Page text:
The ESCP exchange is not your stereotypical study abroad program. A couple of things about this school make it special, and, as simple as it may be, the name “ESCP-Europe” says everything you need to know about it.
European, not just French
Although this school is in Paris, it is more of an international institution than a French institution; this is why the “Europe” in the name is significant. ESCP-Europe has four other campuses on the continent (Madrid, Berlin, Torino, and London); at the Paris campus more than 50% of the students come from outside of France, and not just from other European countries. There are students from just about every corner of the world studying here, and because of that, being here can really open your mind to different cultures. If you think the differences between a “coastie” and a “sconnie” are huge, try thinking about those between an undergrad exchange student from the University of Texas and a grad student from the Indian Institute of Management, joined together in Paris at ESCP.
On our first day of orientation week, the 100 or so exchange students beginning their semester or year at ESCP gathered in a lecture hall for our introduction to the school. Our first exercise was to pass a microphone around the room and have each exchange institution’s students stand up in groups, and then say a quick hello in as many languages as they knew. In that session, I heard languages that I didn’t know existed, and I was immediately impressed, and humbled, by my peers. With English as a common language, it was still easy to make friends with the other exchange students.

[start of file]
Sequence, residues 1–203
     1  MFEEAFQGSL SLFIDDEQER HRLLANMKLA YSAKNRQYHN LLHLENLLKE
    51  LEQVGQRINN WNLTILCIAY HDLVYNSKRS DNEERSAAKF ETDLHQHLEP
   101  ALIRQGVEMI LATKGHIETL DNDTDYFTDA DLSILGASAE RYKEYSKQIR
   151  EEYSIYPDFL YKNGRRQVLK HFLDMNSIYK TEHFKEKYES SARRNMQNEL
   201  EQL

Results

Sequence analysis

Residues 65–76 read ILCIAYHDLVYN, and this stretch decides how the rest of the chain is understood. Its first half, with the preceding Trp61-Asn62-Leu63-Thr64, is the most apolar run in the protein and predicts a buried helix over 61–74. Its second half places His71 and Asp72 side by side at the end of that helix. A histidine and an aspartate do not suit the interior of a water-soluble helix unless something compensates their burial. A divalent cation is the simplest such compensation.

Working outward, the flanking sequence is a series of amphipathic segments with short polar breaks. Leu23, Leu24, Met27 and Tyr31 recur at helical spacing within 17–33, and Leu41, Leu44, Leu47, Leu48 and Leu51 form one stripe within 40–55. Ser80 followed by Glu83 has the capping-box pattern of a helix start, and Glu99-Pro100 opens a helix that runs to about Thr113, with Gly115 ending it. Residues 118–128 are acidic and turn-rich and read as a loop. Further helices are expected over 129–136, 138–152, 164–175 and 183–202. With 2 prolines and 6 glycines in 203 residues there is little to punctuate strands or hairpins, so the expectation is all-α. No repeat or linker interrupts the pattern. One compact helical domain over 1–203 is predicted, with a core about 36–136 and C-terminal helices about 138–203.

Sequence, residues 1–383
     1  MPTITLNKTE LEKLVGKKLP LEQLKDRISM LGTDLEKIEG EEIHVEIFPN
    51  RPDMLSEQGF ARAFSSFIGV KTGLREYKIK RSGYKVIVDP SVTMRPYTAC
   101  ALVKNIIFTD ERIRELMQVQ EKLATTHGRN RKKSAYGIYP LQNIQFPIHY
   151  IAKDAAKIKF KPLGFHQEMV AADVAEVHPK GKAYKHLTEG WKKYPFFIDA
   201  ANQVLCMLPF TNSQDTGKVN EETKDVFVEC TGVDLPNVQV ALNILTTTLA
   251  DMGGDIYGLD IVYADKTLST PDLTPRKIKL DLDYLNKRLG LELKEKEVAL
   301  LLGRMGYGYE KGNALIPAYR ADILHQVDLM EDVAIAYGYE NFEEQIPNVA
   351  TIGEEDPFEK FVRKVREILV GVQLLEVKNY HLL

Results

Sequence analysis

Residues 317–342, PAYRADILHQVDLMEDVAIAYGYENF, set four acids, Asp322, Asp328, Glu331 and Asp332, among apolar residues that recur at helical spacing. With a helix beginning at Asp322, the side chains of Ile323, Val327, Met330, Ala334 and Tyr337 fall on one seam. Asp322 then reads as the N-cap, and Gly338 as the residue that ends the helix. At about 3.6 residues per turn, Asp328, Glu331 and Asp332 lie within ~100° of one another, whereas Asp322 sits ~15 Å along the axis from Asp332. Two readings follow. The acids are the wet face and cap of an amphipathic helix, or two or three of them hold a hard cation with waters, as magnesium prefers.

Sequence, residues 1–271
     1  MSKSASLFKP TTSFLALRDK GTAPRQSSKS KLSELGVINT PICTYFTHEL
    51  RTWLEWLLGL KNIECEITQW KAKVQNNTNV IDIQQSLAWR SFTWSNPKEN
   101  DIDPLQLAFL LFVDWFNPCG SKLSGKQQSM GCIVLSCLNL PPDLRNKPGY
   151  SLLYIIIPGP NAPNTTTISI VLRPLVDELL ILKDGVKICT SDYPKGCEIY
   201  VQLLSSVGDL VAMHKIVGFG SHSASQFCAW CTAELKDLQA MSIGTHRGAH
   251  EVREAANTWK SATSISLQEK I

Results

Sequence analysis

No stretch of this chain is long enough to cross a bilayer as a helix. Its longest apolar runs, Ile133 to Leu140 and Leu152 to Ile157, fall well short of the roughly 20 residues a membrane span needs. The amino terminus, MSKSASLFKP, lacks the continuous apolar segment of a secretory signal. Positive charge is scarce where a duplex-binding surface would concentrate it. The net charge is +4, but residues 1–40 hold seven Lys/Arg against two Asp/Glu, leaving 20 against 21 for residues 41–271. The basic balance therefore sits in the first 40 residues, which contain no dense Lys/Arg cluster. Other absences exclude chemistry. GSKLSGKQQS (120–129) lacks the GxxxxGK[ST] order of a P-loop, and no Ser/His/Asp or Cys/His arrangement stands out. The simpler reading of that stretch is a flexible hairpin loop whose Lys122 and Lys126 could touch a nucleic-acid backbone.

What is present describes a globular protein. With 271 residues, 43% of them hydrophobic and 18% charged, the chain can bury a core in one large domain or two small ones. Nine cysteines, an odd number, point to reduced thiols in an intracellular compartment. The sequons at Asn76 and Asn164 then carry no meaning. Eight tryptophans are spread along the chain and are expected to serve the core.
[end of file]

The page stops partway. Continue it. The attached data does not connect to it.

I now have friends from Portugal, Switzerland, Poland, Argentina, the Netherlands, Venezuela, Mexico, and so on, but as I look back on these friends I made last semester, I can’t help but thinking about how these people had learned English as their second, or third or fourth, language, and here I was with 9 years of studying French under my belt and I still wasn’t fluent. Granted, English is the most global language and I happened to be born in a country where it’s spoken, but I was still somewhat embarrassed to be monolingual in a room full of multilingual peers. This brings me to the next distinguishing feature of this exchange program, its supériorité.
A Supérieure Institution
The acronym ESCP stands for l'École supérieure de commerce de Paris (The Superior Business School of Paris). In my time here I’ve learned that it really does earn the supérieure descriptor. To understand why, you need to understand the education system in France.